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It's all fun and games until someone gets their exoskeleton bashed in.
In the futuristic, megabudget movie "Elysium," which opens in theaters nationwide today, Matt Damon relies on an exoskeleton to keep him moving -- and punching and shooting -- even though his own body is failing him. The utopian orbiting space station and dystopian poverty of planet Earth is set in the year 2154, and certainly some of the science-fiction elements are at least that far away. Many others may never come to pass.
But the exoskeleton technology featured in the movie could be closer than we think, able to assist paraplegics as well as action heroes.
"It's speculation on technology that does not exist," said Charles Higgins, a researcher and professor of neuroscience at the University of Arizona. "But it could be used for someone who is paralyzed, and I think we're actually making progress," Higgins told FoxNews.com.
Higgins says it's not fanciful to think that the first exoskeltons like those depicted in "Elysium" could be available in 50 to 100 years.
'If this were real, there'd be an interface not only to the brain but also to the spinal cord.'
Researchers have already demonstrated several similar technologies. This week, an exoskeleton designed to assist disabled people climb stairs and help themselves out of chairs passed safety tests in Germany, opening the possibility that it may be sold soon in Europe. Made by Japanese company Cyberdyne, the Hybrid Assisted Limb or HAL system is already being tested in hospitals.
On the military side, Raytheon has been working for years on a combat exoskeleton, dubbed the XOS 2. The system gives the wearer seemingly superhuman strength, allowing a person to lift hundreds of pounds with ease and punch through walls (no, it does not fly -- yet).
Perhaps some of the most advanced human assistance systems, however, are those being developed as prosthetics. The Defense Advanced Research Projects Agency's (DARPA) Targeted Muscle Re-innveration (TMR) for Advanced Prosthetic Control experimental prosthetics are not something that one simply wears. The devices actually read muscle and nerve impulses, which in turn control a robotic arm. It requires extensive surgery and the user has to essentially retrain certain muscles, but it can yield astounding results, such as enabling the wearer to catch a bouncing ball.
There are still daunting technical hurdles to overcome, however, before the exoskeletons of Elysium become a reality.
"We require a new power technology" to really make exoskeletons practical, explains Higgins. The Raytheon model, for example, requires so much power it has to be plugged in. The lighter, less powerful Cyberdyne device runs on batteries, but for only up to a reported 2 hours and 40 minutes.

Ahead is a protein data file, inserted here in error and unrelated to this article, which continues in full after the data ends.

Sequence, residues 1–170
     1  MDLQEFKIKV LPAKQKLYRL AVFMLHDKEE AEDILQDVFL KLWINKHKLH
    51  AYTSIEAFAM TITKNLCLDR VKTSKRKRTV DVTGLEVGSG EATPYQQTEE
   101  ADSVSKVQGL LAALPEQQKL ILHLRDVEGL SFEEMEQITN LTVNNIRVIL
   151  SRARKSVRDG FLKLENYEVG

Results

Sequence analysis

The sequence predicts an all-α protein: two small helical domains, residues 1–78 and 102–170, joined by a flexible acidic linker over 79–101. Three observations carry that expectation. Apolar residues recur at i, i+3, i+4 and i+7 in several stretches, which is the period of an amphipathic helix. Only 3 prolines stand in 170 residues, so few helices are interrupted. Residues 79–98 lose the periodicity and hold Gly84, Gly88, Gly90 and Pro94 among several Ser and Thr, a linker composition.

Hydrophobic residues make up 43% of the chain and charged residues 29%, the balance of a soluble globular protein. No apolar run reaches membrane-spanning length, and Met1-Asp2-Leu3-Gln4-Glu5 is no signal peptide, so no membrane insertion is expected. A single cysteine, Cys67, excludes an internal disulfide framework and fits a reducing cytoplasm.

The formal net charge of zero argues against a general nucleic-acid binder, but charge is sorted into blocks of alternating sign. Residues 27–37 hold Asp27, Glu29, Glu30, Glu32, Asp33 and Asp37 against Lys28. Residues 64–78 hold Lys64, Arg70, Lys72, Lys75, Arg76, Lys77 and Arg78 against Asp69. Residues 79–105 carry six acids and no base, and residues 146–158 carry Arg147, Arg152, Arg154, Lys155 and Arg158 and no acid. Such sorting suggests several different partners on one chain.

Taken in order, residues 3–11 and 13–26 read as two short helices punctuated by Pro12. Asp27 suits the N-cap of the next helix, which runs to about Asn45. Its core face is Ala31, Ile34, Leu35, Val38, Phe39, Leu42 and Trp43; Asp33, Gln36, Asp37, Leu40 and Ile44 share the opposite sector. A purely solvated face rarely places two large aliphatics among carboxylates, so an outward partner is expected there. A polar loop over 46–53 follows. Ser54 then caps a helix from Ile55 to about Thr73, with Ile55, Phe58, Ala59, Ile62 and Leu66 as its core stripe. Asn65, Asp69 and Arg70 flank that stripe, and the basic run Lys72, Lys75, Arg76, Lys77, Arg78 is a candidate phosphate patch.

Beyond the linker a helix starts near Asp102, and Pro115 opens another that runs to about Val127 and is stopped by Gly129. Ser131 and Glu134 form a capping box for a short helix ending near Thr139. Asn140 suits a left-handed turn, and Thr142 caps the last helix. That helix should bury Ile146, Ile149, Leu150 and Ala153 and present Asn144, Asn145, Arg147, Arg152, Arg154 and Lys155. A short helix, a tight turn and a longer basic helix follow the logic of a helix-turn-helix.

The other problem is control.
"If this were real, there'd be an interface not only to the brain but also to the spinal cord," explains Higgins. He explained that while designs like Raytheon's are powerful, they are also slow. To achieve superhuman reaction times, such as those depicted in Elysium, a neurological connection is needed in addition to tapping into the spinal cord to speed up communications (hence the gruesome surgery performed on Damon's character in the film.)
Unfortunately, experimental systems that use brain implanted electrodes tend to wear out their connections within two years, meaning additional potentially brain damaging surgery would be required. And non-vasive systems, like EEG (electroencephalogram) helmets that read a brain's electrical signals from the outside are fine for moving a cursor on a screen but not sufficiently detailed to help somebody walk.
So is there a solution to creating the ultimate brain-machine interface?
"I'm betting on ECOG," says Higgins. ECOG or electrocorticography is a method of using sensors on the surface of the brain to measure and record signals. "This may move it forward because it doesn't do any damage to the brain, and the information can be sent out wirelessly."
Even more critical to the plot line of Elysium than exoskeletons is technology to be able to download the contents of someone's brain. It makes for great sci-fi story twists, but it could also mean incredible medical breakthroughs.
"Think of someone who has a stroke and we lose all that. That shouldn't happen; we need to be able to download the contents of the brain," says Higgins. Unfortunately, there are 100 billion neurons in the brain, and researchers still don't understand where and how memories and concepts are stored. "So we are not there as far as recording everything that goes on in the brain."